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November 26, 2001

Carol Gee: A woman of many words

By Eric Rangus


As my 50th birthday loomed just over the horizon, I made a life-altering decision. Instead of obsessing over my uniquely female foibles, I would embrace them, maybe even write about them.

Those are the first two sentences of a breezy little essay titled “Nothing But a Number,” the first of 30 vignettes that make up The Venus Chronicles: Musings from the Feminine Side, Carol Gee’s first book.

“When things move me, I write about them,” said Gee, coordinator of educational programs for the Center for Public Health Practice in the Rollins School of Public Health. “As I’ve reached 50, I’m thinking about where I am going in the second half of my life.”

Gee is 51 now, although she looks to be at least 10 years younger. Her youthful appearance is due not just to looks, but also to attitude. The vibrancy with which Gee attacks everything in life is so strong, it practically has its own parking space.

The Venus Chronicles is Gee’s first major work. She has had several poems published in literary magazines and she has written a handful of essays for newsletters, but has never attempted—or had the opportunity to complete—a work of this magnitude.

The first-person essays, which cover a streamlined 100 pages, are arranged thematically into four chapters: “A Woman’s Place,” “Body Beauty,” “From the Outside In” and “Back in the Day.” Essay subjects range from the broadly humorous (“Closet Full of Clothes But Nothing to Wear,” “Layaway, the Zen of Waiting”) to the eerily specific (“Girdles,” “Unfriendly Panties”).

The tone is light, conversational, inspiring and incredibly positive. Each of the pieces is written from Gee’s perspective—that of a middle-aged, African American woman—but the author hopes to reach a broad audience of women.

It’s easy to see how a book called The Venus Chronicles (not to mention one that discussed girdles) would appeal to women. But what about men? Well, Gee said she hopes the humor is universal. She added that several of the pieces attempt to perform a public service, such as answering the question, “Why Do Women Go to the Restroom in Pairs?” And any essay titled, “S-E-X,” would cause most males to stop thumbing through pages for at least a moment.

Gee said that she has tested several pieces on her husband as well. “Sometimes he has been inspiration for the pieces—unwittingly,” she laughed. “He’s probably thinking, ‘I hope she doesn’t mention me.’”

For the record, Ron, Gee’s husband of 28 years, is assistant director of nutrition and restaurant services at Emory Hospital, and if she mentions him, he will probably hear about it.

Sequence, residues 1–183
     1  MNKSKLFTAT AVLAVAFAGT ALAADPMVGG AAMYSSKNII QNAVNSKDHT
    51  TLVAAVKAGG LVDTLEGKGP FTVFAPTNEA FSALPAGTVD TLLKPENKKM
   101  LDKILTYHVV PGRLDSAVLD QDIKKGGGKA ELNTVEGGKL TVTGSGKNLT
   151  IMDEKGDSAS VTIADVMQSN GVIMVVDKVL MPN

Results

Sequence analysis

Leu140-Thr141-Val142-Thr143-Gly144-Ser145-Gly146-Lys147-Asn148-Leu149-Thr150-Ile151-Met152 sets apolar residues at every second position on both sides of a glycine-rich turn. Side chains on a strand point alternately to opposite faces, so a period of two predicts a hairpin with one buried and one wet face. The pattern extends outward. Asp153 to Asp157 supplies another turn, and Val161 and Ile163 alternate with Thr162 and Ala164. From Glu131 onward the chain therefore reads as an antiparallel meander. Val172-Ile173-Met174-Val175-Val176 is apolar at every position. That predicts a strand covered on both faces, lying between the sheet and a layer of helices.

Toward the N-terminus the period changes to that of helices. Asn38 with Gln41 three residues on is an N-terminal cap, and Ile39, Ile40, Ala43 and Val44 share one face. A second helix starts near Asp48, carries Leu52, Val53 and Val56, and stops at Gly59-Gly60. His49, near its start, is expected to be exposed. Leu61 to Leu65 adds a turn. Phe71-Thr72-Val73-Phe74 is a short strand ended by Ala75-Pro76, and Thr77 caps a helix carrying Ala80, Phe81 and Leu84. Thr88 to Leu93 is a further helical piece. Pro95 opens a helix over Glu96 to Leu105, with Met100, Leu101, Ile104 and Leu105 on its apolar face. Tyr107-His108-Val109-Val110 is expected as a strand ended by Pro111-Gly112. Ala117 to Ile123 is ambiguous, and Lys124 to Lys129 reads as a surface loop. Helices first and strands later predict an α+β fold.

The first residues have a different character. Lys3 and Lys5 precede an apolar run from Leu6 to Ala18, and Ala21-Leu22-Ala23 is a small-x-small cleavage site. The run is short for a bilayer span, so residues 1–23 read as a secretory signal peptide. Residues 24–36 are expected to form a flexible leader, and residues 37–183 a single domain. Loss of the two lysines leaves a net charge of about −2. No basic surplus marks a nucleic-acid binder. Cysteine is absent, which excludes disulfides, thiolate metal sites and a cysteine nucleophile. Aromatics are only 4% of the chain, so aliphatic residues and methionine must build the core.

Although she has written for herself all her life, The Venus Chronicles began coming together in 1999. Gee and her husband were hosting a longtime family friend, Yolanda Johnson (the first person thanked on the acknowledgements page), for dinner. Ron left the two women to themselves for a while, and when he returned, he heard them in the midst of “women talk,” as Gee described it.
His response was, “You women obsesses about everything.”

That turned on a light in Gee’s mind—once she was finished scolding her husband.

“Sometimes [women] obsess about things,” Gee said. “We obsess about bad hair days. We think about how we look. If people say something to us, we analyze it. If a woman says, ‘You look good today,’ you think, ‘Today? How about yesterday? Yesterday, I had on my Gucci suit and my matching shoes.’”

“What my pieces try to do, is to entertain, educate and empower women.”

“Obsessions,” in fact, is the third essay in the book. Like practically all of The Venus Chronicles, it contains savvy observations (“All some of us have to do is look in the mirror to see our worst enemy looking back at us”) followed by a healthy dose of the power of positive thinking: “Our energy is better spent on things that will help us become healthier, more productive and creative individuals.”

“The bottom line is these things are not important, so we should stop obsessing about them,” Gee said. “I just try to put an issue out and inspire people to think a different way. You know, we might have a bad hair day, but we’re lucky we have hair on our head.”

That got Gee thinking more and writing more. Essays flowed freely. When Gee would write, she would share her work with friends. Women at Emory would e-mail glowing reviews to her. They would share her writings with neighbors, sisters, mothers and daughters. Some would stop her in the parking lot or outside the office and offer suggestions of new subjects. One friend took it a step further.

She put Gee in contact with Valerie Boyd, a former writer for The Atlanta-Journal Constitution who was finishing up a biography of author Zora Neale Hurston. Boyd, who had read several of Gee’s pieces, passed them along to Kelley Alexander, who had started a small publishing company in Decatur called InnerLight Publishing. Alexander liked what she read, and that’s how The Venus Chronicles was born.

The book is due to be released Dec. 10, and as part of its accompanying promotion, Gee will be signing copies in the Rita Anne Rollins Room in the Rollins School of Public Health from 4:30 to 6:30 p.m. on Dec. 18. All members of the Emory community are invited. Gee’s book will be avaliable for purchase next month on and Barnes & Noble online (

“I hope writing will be my new life,” Gee said. “What I’m starting to cultivate now is what I’d like to do in my third career,” her first two being an eight-year stint in the Air Force, followed by 21 years in higher education instruction and administration.

“I hope this is the beginning. That’s my dream. I have lots of stories in me, so I think I can fill up many books.”


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